National Foster Care Network

Building Teams That Care

  A Starting Point
Jacob R. Sprouse, Jr.

Every system offers resistance to new ideas, new efforts or new programming. A great starting point in analyzing your agency's response to previous foster and adoptive recruitment efforts and predicting support for your new endeavor is to apply the don't ask why, ask why not test. The test may be adapted to any number of delivery systems: interview, individual questionnaire, group sessions or even bulletin board notices. The object being to gather as much information you can about the barriers you face before you face them.

The following list certainly is not exhaustive but offers a useful and lighthearted tool to survey your peers and ferret out preconceived notions as to why your ideas won't work, benchmark specific resistance you can expect in your recruitment programing and illuminate some of the hidden agenda items at work within your agency.

Frame your approach by asking recipients to check off the answers they most often hear themselves saying when ask to solve a problem, support a project or join in a project.

Good idea, not practical.
We do alright with what we have.
Let's give that some more thought.
We did that years ago.
Not in our agency.
Not in this department.
Has anyone else tried this?
Never be tried before.
Been through this before.
You know, old dog new tricks. No way.
Why don't you write that up.
What do other agencies do?
I don't like the idea.
The administration will not agree.
Why change what we are doing?
We don't have the authority.
We've never done anything like this before.
We don't have time.
Too radical.
I?m too busy.
Can't change tradition.
That's not my job.
That's beyond our control.
Materials will cost too much.
Our agency is different.
We've tried that before.

Add your own excuses to the list; make a checklist questionnaire - give your peers and associates a free pen (colored ink even) for completing the form , then, inventory the results. Even this tongue-in-cheek approach will yield truthful results. Remember, humor as a way of disarming even the most ardent opposition.

With information about the reasons why not in hand you may then tackle the task of educating your team members about the how to of your recruitment programing.

Building Your Recruitment Team

Your team also comes with some preconceived, group barriers you'll need to overcome as you attempt to promote the team skills needed to implement your recruitment action plan. The following describes three sets of barriers to skills transfer with your team members.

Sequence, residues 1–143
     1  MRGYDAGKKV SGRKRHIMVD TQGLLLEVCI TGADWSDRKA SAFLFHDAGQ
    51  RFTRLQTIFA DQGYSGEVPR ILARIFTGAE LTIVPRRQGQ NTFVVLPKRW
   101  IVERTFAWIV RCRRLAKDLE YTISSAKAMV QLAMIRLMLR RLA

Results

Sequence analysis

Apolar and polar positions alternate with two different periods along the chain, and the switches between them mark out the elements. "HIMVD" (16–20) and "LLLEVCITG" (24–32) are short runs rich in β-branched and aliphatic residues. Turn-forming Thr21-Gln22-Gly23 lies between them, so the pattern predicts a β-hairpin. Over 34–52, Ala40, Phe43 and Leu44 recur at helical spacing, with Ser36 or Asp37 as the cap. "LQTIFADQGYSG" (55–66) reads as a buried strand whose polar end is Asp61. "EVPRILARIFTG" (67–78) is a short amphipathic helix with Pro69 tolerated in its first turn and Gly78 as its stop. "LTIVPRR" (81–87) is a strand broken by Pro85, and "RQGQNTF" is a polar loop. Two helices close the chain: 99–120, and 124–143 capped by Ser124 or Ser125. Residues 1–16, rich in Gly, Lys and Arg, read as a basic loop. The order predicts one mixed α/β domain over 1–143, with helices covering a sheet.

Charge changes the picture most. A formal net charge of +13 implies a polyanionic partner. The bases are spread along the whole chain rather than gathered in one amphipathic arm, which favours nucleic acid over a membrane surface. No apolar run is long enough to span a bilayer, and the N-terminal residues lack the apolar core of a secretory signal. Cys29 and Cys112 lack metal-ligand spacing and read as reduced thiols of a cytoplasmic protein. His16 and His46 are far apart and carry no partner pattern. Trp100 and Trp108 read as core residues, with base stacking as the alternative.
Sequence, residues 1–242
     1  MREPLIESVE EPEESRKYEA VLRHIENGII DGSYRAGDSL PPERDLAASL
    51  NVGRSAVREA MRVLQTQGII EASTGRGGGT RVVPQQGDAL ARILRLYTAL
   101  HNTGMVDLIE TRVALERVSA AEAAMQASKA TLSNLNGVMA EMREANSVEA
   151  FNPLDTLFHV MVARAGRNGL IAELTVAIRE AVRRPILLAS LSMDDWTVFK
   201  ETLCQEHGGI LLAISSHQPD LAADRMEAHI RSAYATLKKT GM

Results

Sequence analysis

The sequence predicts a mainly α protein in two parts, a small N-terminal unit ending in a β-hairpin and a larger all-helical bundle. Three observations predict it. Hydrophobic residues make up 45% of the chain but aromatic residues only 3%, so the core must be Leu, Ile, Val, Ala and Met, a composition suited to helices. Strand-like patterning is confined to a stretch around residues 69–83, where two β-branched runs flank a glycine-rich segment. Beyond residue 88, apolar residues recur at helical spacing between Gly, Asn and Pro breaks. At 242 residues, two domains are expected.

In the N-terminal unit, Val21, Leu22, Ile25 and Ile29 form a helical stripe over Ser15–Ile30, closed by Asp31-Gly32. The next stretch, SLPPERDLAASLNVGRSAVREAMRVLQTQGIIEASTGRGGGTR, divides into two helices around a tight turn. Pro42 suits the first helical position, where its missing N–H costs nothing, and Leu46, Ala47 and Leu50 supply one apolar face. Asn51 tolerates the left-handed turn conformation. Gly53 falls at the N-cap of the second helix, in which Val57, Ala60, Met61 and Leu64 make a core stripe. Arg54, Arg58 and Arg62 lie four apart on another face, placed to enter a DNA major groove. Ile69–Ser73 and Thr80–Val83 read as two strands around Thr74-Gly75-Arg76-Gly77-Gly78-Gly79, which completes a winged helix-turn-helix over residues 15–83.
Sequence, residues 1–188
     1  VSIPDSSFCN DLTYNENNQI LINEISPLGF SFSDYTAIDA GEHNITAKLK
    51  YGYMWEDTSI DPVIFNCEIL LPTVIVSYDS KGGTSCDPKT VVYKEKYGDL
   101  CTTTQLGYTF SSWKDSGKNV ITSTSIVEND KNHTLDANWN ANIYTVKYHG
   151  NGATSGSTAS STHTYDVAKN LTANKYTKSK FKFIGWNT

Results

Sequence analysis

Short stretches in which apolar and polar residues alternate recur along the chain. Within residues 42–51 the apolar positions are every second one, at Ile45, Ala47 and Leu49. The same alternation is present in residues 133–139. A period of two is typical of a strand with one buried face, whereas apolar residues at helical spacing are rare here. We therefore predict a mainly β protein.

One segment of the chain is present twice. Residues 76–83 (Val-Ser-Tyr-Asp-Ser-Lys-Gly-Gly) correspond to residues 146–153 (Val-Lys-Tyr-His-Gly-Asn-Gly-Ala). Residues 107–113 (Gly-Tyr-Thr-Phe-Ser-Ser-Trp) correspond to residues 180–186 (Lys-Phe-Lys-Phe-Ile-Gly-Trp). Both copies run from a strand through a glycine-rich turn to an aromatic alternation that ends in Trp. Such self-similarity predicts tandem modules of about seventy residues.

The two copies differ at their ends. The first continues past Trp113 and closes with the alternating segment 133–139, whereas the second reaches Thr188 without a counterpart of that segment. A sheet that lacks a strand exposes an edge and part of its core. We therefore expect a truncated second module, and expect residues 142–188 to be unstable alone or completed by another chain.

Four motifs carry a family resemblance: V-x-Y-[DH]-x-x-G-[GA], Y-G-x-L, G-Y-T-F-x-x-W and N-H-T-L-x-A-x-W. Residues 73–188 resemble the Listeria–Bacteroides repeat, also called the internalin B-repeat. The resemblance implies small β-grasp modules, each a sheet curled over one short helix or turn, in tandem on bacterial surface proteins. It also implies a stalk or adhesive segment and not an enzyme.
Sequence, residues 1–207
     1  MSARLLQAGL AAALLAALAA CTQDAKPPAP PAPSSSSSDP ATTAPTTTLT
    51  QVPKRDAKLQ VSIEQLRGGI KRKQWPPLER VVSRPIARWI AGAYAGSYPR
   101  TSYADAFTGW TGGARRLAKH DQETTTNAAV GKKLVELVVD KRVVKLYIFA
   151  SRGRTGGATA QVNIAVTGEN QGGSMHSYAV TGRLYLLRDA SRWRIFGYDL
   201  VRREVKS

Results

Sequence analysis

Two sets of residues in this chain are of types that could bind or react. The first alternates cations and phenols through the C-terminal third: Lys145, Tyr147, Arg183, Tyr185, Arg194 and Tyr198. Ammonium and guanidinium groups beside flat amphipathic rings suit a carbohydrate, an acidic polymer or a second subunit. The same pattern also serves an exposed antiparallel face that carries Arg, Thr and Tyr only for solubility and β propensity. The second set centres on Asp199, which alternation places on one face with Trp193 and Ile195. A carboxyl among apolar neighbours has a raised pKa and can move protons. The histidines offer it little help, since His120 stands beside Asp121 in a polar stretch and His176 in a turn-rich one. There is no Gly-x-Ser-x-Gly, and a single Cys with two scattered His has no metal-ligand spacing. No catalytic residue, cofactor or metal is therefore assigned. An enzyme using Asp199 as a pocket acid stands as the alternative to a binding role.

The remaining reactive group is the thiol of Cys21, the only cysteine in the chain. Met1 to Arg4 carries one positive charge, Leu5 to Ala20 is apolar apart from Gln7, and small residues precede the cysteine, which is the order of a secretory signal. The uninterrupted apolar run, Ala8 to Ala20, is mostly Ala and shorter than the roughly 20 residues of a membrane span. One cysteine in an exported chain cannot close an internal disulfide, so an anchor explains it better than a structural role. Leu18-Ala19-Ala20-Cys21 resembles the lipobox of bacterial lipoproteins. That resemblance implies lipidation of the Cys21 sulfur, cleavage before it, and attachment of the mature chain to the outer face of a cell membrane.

Team-Member Centered Barriers

1. Team-Members may not see any payoff for using the skills. For Team-Members to use the skills you are promoting they must see that the advantages of doing it your way out weigh the disadvantages.
2. Team-Members disagree with the concepts and principles of the program.
3. Team-Members initially experience failure when using the skills - they must experience success if you expect them to sustain their participation.
4. Team-Members may not have the self-confidence to use some of the skills inherent in your programing; try to match tasks to talent, especially in the initial stages of implementation.
5. Team-Members may not see an immediate need for the skills you are attempting to develop; coordinate new skills with new programing to reduce lag time.
6. Team-Members may not be aware that they are doing good--they are more likely to be enthusiastic and supportive when the feedback acknowledges the quality of their participation.

Leader-Centered Barriers

1. You may not be the most positive role model; do you practice what you preach? Don't expect Team-Members to do if you do otherwise.
2. Are you a good coach? Your Team-Members will respond as a team directly proportional to your skills as a team coach.

Agency-Centered Barriers

1. Negative balance of consequences -- Team-Members will not use the program skills if the agency does not value those skills.
2. Project task interference -- Team-Members will defer from your project if the agency impedes participation through time, policies, procedures or work environment constraints.
2. No positive feedback -- Team-Members will not use new skills and support the program if the agency does not specifically support and honor their participation.

As with the individual barriers, group barriers may be overcome with planing and attention to detail when implementing your recruitment action plan.

(C) 2017, Jacob R. Sprouse, Jr.
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American Foster Care Resources, Inc.